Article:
Replacing FPTP

Karan Thapar discusses former Chief Election Commisioner Lyngdoh’s solution to the problem of “hate speech”. Lyngdoh believes that hate speech is a consequence of the first past the post system which will often lead to candidates getting elected even with 20-30% of the vote. So, all a candidate has to do is to appeal to a hardline base, which often means that he can profitably utilize hate speech towards that end. The solution, according to Lyngdoh, is in two parts. The first part is to utilize run-off voting where the top two candidates slug it out for a second round. The second part is to use proportional voting to fill part of the legislature.

I have discussed this when I reviewed Arun Shourie’s book for Pragati, but both these solutions will worsen the problem. In the FPTP system, you have to win the first time. Yes, you can win with 20-30% of the vote, but only if no one else gets more. What is stopping you from appealing to a broader section of the population right now? In a run-off voting system, you have an incentive to run a two-stage election strategy. In the first stage, your campaign is extremist, focusing on your base. In the second stage, you move to the centre to take advantage of the median voter – something that happens with American Presidential elections. In the FPTP system, you have little incentive to shoot for the second or third place. But in a run-off system, you have an incentive to try to secure 10-15% of the vote, so that you “transfer” it in the second round in return for favours.

Proportional voting has similar problems. In the FPTP system, there is little incentive to appeal to a religion, caste or section that is only 5% strong, but distributed across multiple constitencies. In a proportional system, a party that is focused on just that 5% will still get 5% of the seats.

To be honest, I actually like the proportional system. If you combine it with a directly elected President (making parliamentary majorities irrelevant) the system has some advantages – for one thing, it will provide better representation to the middle class that is now spread across multiple constituencies. But let’s not look at it to solve problems it won’t solve.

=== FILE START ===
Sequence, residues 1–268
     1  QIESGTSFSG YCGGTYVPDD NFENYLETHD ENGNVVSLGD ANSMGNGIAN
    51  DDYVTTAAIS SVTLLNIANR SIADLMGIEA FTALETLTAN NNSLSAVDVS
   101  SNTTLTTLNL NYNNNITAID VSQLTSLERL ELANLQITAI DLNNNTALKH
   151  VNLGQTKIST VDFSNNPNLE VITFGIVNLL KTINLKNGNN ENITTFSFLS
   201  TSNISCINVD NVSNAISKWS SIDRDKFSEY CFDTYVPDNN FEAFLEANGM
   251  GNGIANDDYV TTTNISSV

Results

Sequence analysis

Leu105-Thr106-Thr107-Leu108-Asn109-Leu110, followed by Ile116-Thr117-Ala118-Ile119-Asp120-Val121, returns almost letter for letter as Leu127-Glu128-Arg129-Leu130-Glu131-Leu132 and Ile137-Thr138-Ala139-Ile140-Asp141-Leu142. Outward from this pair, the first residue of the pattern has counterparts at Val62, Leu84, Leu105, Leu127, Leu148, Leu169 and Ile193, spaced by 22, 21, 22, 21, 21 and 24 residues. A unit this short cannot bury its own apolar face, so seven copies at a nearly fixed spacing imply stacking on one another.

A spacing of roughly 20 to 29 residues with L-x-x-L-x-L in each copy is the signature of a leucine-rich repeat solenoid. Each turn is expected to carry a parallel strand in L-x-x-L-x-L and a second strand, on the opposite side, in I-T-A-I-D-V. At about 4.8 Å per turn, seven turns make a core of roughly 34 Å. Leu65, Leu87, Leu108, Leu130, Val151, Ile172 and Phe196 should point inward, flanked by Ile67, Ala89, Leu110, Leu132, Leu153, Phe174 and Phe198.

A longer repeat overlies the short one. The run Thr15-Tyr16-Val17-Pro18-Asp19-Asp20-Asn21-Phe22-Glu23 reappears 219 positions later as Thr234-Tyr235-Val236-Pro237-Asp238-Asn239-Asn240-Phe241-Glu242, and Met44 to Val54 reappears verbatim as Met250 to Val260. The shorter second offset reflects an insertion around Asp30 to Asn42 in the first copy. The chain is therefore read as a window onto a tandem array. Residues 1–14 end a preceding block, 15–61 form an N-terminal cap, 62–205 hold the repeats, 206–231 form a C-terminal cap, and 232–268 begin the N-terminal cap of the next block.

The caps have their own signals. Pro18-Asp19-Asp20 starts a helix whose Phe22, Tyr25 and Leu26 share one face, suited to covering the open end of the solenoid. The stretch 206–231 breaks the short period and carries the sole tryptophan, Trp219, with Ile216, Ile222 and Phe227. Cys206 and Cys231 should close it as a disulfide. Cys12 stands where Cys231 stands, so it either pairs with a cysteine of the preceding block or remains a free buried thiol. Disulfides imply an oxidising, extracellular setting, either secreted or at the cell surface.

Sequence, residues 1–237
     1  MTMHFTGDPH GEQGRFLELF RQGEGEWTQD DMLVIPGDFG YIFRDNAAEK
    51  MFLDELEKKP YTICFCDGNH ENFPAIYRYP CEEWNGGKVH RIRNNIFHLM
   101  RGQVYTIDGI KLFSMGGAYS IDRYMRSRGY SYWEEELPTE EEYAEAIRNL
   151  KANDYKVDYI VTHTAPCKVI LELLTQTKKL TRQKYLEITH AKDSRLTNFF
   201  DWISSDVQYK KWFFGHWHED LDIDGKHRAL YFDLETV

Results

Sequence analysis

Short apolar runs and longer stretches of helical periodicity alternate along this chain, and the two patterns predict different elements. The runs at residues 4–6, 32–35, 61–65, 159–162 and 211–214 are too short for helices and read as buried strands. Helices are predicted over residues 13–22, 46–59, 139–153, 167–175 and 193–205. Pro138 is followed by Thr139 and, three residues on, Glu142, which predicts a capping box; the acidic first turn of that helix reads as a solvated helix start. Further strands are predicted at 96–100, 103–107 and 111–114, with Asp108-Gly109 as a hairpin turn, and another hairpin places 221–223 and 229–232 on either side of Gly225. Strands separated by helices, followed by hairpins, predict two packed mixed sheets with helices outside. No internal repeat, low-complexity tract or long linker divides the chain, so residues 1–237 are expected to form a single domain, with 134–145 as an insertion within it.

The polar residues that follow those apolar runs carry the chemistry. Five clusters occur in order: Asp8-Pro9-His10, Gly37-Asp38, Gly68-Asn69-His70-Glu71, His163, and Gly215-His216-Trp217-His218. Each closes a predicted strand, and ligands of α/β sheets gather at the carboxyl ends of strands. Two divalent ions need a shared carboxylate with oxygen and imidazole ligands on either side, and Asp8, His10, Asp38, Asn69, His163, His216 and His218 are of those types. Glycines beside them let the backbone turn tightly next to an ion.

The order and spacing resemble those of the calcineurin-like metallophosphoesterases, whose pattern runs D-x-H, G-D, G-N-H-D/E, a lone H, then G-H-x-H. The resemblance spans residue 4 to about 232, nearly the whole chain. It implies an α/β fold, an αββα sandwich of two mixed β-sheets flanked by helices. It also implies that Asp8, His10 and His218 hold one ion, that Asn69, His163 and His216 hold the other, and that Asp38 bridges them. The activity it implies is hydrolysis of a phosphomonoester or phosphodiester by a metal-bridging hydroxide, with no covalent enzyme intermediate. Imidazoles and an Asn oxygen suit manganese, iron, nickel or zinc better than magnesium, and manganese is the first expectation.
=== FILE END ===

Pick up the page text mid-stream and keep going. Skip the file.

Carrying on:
3 thoughts on “Replacing FPTP

  1. The American style moving to Center analogy does not hold. Moving in terms of policy — say, in terms of taxation or talking to Iran — is different from hate speech. The former is a lot easier and in fact a possible natural progression of ideas. The latter is not (though I quite like hate speeches myself). This Lyndogh plan is a non starter for varied reasons but what will really be interesting is, will anyone in the INC take it up.

    What is easier and to me a better solution, is when the Rajya Sabha gets a Veto (or, equal voting rights in all legislative aspects except voting the government out).

  2. Agree reg. inability of run off elections to suppress “hate speech”, I think such a system may be marginally more representative of urban middle class.

    Reg. Presidential system I think it is preferable to present Westminster model. However I will like to modify the national legislature so as to discourage its fragmentation. I think National legislature is not the right forum to discuss regional matters, instead more power should devolve to states (and all the way down to Municipal corporations and Panchayats) in accordance with principle of subsidiarity.

  3. Nilu, let’s take the Varun Gandhi case. Typically, the Hindutva style rhetoric appeals to a small section of Hindus. But contrary to what the secularists claim, the larger section of Hindus are not actually put off by it. It’s just that they are not moved by it, or they may have other reasons to not vote BJP, or they may be voting on caste lines, or whatever. So, in the first stage, Varun consolidates his base through hate speech, and in the second stage he strikes alliances with local caste leaders, etc. Perfectly workable strategy.

    Likewise, for Muslim hate speech. Does it put off the Hindus? Well it does. In a constituency that has 10% Muslim vote, a Muslim candidate spewing hate speech will never get elected. But in a first stage election, he can win 10% of the vote, and then declare his support for a Congress candidate – as we have seen with alliance-building at the national or state levels, it is trivially easy for the Congress candidate to escape the stigma.

    Gaurav, mostly agree, but if we have a Presidential form, then fragmentation of the National Legislature does not matter and may even be slightly beneficial. Yes, if we devolve powers and responsibilities, then fragmentation at national level may reduce.

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